British Open, the U.S. Open, and the PGA Championship.
Georgia is located in the southwestern portion of the state, along
the Georgia-Alabama border, and is the fourth largest metro in the
state of Georgia. Even through the recession of the early 21st
century, Columbus remained one of the stablest economies in the
United States, because of its large military presence.
is home to the United States Army Post Fort Benning, which is home to
more than 100,000 servicemen as well as their families. Because of
its stable economy and other factors, Columbus is often listed among
the best cities in the United States to raise children.
All About Columbus, Georgia Geographic Area
Columbus is a city in and the county seat of Muscogee County, Georgia, United States, with which it is consolidated. As of the 2010 census, the city had a population of 189,885. It is the principal city of the Columbus, Georgia metropolitan area, which had a 2011 estimated population of 301,439, according to the US Census. It joins with the Auburn, Alabama metropolitan area to form the Columbus, Georgia-Auburn, Alabama Combined Statistical Area, which had a 2011 estimated population of 466,089. It is the third largest city and fourth largest metropolitan area in the state, and also the 123rd largest city in the United States.
Columbus lies 100 miles (160 km) south of Atlanta. Fort Benning, a major employer, is located south of the city in Chattahoochee County. The city is home to museums and other tourism sites. The area is served by the Columbus Airport. The current mayor is Teresa Tomlinson, who was elected in November 2010. The city was ranked number 4 on the 100 Best U.S. Cities to live by Best Life Magazine.
Founded in 1828 by an act of the Georgia Legislature, Columbus was situated at the beginning of the navigable portion of the Chattahoochee River and on the last stretch of the Federal Road before entering Alabama. The city was named for Christopher Columbus, its founders likely influenced by the writings of Washington Irving. The plan for the city was drawn up by Dr. Edwin L. DeGraffenried who placed the town on a bluff overlooking the river. Across the river, where Phenix City, Alabama is now located, Creek Indians lived until their removal in 1836.
The river served as Columbus' connection to the world, particularly connecting the plantations in the region with the international cotton market via New Orleans and ultimately Liverpool, England. The city's commercial importance increased in the 1850s with the arrival of the railroad. In addition, textile mills began springing up along the river, bringing industry to an area reliant upon agriculture. By 1860, the city was one of the more important industrial centers of the South, earning it the nickname "the Lowell of the South," in deference to the industrial town in Massachusetts.
When the outbreak of war came in 1861, the industries of Columbus expanded their production and Columbus became one of the most important centers of industry in the Confederacy. During the war, Columbus ranked second to Richmond in the manufacture of supplies for the Confederate army. In addition to textiles, the city had an ironworks and a sword factory as well as a shipyard for the Confederate Navy. Unaware of Lee's surrender to Grant and the assassination of Abraham Lincoln, Union and Confederates clashed in the Battle of Columbus, Georgia on Easter Sunday, April 16, 1865, when a Union detachment under General James H. Wilson attacked the city and burned many of the industrial buildings. The inventor of Coca-Cola, Dr. John Stith Pemberton, was wounded in this battle. The owner of America's last slave ship, Col. Charles Augustus Lafayette Lamar, was also killed here. A historic marker has been erected in Columbus marking the battle by Wilson's troops as the "Last Land Battle in the War Between the States."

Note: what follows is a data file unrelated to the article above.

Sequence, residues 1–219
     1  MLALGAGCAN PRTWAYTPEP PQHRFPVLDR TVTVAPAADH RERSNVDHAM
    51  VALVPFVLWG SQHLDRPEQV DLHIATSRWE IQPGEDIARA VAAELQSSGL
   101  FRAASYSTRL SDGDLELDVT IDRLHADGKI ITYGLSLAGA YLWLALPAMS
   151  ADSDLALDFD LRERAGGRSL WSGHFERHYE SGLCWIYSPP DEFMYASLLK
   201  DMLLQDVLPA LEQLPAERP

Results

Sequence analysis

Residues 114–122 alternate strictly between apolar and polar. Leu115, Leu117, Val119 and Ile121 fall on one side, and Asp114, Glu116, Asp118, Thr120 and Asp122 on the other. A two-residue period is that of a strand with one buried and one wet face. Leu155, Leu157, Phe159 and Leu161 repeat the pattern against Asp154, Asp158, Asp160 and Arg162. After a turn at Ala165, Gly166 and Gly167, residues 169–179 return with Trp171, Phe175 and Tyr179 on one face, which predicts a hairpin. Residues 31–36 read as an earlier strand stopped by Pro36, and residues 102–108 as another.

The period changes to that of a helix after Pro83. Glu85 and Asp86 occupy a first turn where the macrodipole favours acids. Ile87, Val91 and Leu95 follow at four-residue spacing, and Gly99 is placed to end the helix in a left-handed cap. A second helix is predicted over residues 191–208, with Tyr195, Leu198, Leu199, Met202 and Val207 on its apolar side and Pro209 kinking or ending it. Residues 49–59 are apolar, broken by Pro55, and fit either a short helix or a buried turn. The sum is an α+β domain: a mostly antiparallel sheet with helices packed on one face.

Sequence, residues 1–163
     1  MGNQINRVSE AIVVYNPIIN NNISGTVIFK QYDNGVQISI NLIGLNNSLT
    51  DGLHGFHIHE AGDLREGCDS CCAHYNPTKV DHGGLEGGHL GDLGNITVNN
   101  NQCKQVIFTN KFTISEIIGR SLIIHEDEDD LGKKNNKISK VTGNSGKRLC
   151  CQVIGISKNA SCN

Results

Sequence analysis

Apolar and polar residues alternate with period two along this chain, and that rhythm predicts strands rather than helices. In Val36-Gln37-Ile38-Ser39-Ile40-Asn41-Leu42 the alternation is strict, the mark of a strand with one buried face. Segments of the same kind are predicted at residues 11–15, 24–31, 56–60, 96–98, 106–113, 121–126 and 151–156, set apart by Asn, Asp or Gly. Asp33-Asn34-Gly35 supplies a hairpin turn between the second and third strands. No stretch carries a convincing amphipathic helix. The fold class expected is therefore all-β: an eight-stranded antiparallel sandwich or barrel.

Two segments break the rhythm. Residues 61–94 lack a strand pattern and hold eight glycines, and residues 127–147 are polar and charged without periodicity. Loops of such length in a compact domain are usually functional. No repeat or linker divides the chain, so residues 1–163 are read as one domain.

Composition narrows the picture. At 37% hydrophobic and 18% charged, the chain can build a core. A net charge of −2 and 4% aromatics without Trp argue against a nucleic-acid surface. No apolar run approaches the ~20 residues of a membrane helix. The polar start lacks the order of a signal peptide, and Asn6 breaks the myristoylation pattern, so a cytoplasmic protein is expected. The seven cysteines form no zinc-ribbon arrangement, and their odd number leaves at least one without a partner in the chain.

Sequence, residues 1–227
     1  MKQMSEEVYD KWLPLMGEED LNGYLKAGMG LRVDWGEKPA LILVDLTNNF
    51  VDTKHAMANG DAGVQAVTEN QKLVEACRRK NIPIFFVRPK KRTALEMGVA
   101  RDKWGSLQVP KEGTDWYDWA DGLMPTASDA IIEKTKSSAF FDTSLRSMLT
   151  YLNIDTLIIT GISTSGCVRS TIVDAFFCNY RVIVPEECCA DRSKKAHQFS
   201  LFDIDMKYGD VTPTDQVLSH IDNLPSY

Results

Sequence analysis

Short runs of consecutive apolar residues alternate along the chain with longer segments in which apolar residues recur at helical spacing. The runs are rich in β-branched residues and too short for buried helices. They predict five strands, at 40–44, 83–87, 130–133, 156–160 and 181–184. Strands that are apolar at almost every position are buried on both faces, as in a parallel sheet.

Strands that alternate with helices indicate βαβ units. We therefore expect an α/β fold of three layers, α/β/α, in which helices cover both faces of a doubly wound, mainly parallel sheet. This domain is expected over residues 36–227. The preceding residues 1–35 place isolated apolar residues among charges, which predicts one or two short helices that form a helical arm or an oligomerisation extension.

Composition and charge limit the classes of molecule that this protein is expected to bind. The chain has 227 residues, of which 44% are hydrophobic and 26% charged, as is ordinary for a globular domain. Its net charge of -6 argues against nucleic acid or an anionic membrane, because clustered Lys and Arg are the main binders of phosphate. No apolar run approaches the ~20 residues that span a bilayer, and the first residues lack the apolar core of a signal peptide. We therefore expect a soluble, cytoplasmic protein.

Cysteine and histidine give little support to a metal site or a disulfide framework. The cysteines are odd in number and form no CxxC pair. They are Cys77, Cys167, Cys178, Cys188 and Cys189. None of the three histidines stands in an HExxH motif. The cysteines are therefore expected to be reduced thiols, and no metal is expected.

Reconstruction began almost immediately and prosperity followed. Factories such as the Eagle and Phenix Mills were revived and the industrialization of the town led to rapid growth; the city outgrew its original plan. The Springer Opera House was built on 10th Street attracting such notables as Oscar Wilde. The Springer is now the official State Theater of Georgia.
By the time of the Spanish American War, the city saw much modernization including the addition of trolleys extending to outlying neighborhoods such as Rose Hill and Lakebottom and a new water works. Mayor Lucius Chappell also brought a training camp for soldiers to the area. This training camp named Camp Benning would grow into present day Fort Benning, named for General Henry L. Benning, a native of the city.
With the expansion of the city, the need for a university saw the establishment of Columbus College, a two-year institution which would later grow into Columbus State University, now a comprehensive center of higher learning. The city would consolidate city and county governments in 1971 and become the first of its kind in Georgia (and one of only 16 in the U.S. at the time). As the city has turned from its initial industry of textiles, it has provided a home for other prominent industries including the headquarters for Aflac, Synovus, TSYS and Carmike Cinemas.